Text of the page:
Monday, March 05, 2012

Keystone pipeline would likely increase Midwest gasoline prices in the short term

Proponents of the Keystone XL pipeline say building it would help "ease supply bottlenecks" and lower gas prices for consumers, but John Schoen of msnbc reports they're only half right. The pipeline would distribute the "glut of crude oil backing up in the Midwest," he writes, redirecting it to the Gulf of Mexico, where it would be shipped overseas and sold at higher prices. This would mean higher short-term prices for Midwesterners, though, since low pipeline capacity keeps supply high and prices low in the region.

Gas prices have risen since October mostly because the U.S. and Europe have placed sanctions on Iran for its nuclear program, Schoen writes. In the past month, prices have jumped 20 cents a gallon, but prices differ greatly across the country, with those on the coasts paying much more than those in the Midwest and Rocky Mountain region, where oil is plentiful. (Energy Information Administration map shows county-by-county gas prices; click on map for larger version)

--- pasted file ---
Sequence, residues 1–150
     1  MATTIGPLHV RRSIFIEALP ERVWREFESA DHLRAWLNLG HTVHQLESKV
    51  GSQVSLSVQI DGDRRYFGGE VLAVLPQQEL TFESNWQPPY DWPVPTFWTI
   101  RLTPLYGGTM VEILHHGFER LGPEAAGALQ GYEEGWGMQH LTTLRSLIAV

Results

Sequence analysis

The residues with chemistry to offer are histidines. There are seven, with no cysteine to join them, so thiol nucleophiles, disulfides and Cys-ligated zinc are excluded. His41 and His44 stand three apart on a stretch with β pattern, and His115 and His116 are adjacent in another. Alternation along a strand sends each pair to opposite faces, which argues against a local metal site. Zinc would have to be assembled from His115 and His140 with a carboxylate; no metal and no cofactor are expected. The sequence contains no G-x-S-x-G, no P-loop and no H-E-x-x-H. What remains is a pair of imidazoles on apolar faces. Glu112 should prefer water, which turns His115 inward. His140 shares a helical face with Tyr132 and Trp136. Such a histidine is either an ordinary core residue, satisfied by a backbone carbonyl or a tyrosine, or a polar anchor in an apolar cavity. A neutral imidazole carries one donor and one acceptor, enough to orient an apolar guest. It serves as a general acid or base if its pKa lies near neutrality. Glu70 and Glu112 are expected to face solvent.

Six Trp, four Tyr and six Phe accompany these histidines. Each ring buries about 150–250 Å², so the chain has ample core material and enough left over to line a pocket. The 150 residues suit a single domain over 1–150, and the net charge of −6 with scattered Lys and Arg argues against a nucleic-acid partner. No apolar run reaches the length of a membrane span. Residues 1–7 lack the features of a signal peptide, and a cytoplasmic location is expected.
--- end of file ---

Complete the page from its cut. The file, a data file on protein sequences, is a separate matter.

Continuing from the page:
"These little-publicized findings are contained in the studies and testimony of experts working for TransCanada, the company that wants to build the pipeline from Alberta’s tar sands across America’s heartland to Gulf Coast refineries," Mark Clayton reports for the Christian Science Monitor.

Technological advances have made more oil reserves available. According to the Energy Information Association, U.S. oil production in the Midwest has risen since 2009. This is creating "pipeline bottlenecks," Schoen reports. Cambridge Energy Research Associates chairman Daniel Yergin said the U.S. lacks infrastructure to catch up with the boom in oil production: "We need new pipelines, and the lack of those pipelines - the lack of catching up - is reflected in the disparity in prices." (Read more)

1 comment:

Anonymous said...

I am curious as to how much of the price difference(s) is due to the variation in state taxes.